So let us here on the forum help you - when we say to do something, try it.  We're not here to jerk you around; we're users just like you who have already found the ways to make things work, and we'd like to help you do the same.

     

    -Noel

     
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    Jun 29, 2012 4:07 AM   in reply to mari8899

    mari8899 wrote:

     

    … If you want to compare this with car industry then you would notice how when failure arises they ask for customers to return cars to fix them…

     

     

    For a flat tire?   LOL ! 

     

    What you have is a malfunction in YOUR setup that is preventing Photoshop from running.

     

    If your car is being blocked by your kid's tricycle on your driveway, you would probably blame it on Ford too.  Right. 

     
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    Jun 29, 2012 4:12 AM   in reply to Noel Carboni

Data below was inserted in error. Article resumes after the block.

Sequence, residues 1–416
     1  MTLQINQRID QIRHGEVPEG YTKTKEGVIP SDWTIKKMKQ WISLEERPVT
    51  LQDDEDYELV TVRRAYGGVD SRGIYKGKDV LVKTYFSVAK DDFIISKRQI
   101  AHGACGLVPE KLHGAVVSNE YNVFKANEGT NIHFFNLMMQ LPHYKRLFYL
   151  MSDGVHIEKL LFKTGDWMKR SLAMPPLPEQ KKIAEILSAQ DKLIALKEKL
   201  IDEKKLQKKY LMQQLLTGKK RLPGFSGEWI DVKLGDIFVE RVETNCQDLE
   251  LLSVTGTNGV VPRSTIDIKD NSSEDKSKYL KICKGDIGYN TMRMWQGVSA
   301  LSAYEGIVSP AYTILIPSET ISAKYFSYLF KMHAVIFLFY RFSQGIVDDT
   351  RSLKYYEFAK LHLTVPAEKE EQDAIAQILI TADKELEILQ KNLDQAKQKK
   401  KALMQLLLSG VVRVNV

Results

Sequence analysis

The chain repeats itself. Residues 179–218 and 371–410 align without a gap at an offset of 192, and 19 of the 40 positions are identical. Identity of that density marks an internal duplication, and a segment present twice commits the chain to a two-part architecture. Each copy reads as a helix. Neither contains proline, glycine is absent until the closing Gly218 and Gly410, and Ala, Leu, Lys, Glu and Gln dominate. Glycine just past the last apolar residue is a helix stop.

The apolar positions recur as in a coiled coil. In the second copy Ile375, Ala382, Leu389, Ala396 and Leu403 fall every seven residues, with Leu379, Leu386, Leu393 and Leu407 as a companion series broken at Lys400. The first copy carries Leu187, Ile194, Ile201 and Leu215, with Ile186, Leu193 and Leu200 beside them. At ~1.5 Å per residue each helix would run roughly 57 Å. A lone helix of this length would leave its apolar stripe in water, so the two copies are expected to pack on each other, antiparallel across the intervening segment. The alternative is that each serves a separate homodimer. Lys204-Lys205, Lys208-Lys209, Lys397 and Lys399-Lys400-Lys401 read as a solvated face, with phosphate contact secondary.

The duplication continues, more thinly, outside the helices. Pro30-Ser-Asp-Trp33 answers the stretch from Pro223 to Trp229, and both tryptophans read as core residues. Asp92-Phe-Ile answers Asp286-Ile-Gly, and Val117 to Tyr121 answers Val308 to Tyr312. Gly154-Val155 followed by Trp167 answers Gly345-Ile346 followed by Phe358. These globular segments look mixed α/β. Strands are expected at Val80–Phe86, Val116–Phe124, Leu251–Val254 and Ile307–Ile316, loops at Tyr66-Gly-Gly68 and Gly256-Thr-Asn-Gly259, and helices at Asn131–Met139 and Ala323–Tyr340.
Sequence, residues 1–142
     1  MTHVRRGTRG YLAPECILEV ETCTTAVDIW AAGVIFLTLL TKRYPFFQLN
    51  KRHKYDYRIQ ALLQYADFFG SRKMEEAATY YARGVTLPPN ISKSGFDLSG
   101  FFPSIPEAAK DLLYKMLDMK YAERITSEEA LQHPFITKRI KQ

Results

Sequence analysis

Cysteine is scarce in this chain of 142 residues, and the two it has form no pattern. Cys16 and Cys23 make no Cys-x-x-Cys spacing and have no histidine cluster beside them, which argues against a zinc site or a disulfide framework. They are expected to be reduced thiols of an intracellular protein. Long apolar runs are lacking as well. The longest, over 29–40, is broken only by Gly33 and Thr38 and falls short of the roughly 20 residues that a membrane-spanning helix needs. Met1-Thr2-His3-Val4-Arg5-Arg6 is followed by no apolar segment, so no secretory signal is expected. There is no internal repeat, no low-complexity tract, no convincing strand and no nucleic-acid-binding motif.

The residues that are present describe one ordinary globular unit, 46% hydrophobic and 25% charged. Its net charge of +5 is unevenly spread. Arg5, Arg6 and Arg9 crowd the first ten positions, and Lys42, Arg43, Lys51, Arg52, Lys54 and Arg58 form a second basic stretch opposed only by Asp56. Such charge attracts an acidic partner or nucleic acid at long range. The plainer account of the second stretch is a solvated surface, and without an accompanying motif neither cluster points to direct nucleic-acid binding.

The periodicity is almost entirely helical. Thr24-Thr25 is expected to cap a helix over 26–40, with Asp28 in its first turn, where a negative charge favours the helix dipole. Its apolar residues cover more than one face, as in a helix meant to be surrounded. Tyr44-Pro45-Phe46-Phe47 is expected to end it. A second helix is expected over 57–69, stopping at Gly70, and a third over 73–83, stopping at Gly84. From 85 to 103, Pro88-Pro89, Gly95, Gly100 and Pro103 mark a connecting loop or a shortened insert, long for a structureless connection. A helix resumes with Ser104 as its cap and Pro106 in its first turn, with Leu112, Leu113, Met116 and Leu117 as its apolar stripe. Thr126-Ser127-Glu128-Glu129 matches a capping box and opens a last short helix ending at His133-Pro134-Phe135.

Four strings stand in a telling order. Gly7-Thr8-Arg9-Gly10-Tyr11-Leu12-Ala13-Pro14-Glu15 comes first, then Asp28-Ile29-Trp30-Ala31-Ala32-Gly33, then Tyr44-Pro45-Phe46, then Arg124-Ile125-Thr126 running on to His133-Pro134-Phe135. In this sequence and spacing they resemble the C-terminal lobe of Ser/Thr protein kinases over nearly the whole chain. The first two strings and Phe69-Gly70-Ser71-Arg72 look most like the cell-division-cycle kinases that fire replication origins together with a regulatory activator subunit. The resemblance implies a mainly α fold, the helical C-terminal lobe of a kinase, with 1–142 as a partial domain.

Thanks for chiming in, Noel!  The sun is rising (or did rise) in Florida while it's still night time here in the West Coast.  You're getting up already and I'm just going to bed.

     

    See you later, once I catch some sleep.

     
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    Jun 29, 2012 5:15 AM   in reply to station_two

    station_two wrote:

     

    Well, good for you, jerdenberg!

     

    What does that tell you?  The issue was in YOUR setup.

     

    After a good night's sleep, you might take the time to think about this.

     

    My setup, which is the standard setup of any fresh Windows 7 install, prohibits non-administrator accounts writing to the root directory of the boot drive. This policy was implemented by Microsoft at a point in time several years ago.

    Now the installer of Design Standard CS6 chooses to assign to this directory the scratch disk of a program (Photoshop) that should not be run with administrator rights by default, with the scratch disk crash as a result. This is at variance with the policy mentioned above, and for no good reason.